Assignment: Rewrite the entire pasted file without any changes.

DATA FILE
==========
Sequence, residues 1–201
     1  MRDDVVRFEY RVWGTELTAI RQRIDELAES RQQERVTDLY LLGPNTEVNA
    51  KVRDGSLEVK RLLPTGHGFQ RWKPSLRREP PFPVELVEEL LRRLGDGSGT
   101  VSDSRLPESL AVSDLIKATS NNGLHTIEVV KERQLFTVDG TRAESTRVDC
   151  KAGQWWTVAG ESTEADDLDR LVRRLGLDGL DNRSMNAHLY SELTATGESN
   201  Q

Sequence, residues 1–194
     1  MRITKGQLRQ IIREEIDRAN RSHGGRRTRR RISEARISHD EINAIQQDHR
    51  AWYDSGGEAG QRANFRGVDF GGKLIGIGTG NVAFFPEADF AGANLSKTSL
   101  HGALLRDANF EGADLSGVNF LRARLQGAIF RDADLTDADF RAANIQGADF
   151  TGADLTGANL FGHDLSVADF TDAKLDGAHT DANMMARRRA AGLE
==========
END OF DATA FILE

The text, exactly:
Sequence, residues 1–201
     1  MRDDVVRFEY RVWGTELTAI RQRIDELAES RQQERVTDLY LLGPNTEVNA
    51  KVRDGSLEVK RLLPTGHGFQ RWKPSLRREP PFPVELVEEL LRRLGDGSGT
   101  VSDSRLPESL AVSDLIKATS NNGLHTIEVV KERQLFTVDG TRAESTRVDC
   151  KAGQWWTVAG ESTEADDLDR LVRRLGLDGL DNRSMNAHLY SELTATGESN
   201  Q

Sequence, residues 1–194
     1  MRITKGQLRQ IIREEIDRAN RSHGGRRTRR RISEARISHD EINAIQQDHR
    51  AWYDSGGEAG QRANFRGVDF GGKLIGIGTG NVAFFPEADF AGANLSKTSL
   101  HGALLRDANF EGADLSGVNF LRARLQGAIF RDADLTDADF RAANIQGADF
   151  TGADLTGANL FGHDLSVADF TDAKLDGAHT DANMMARRRA AGLE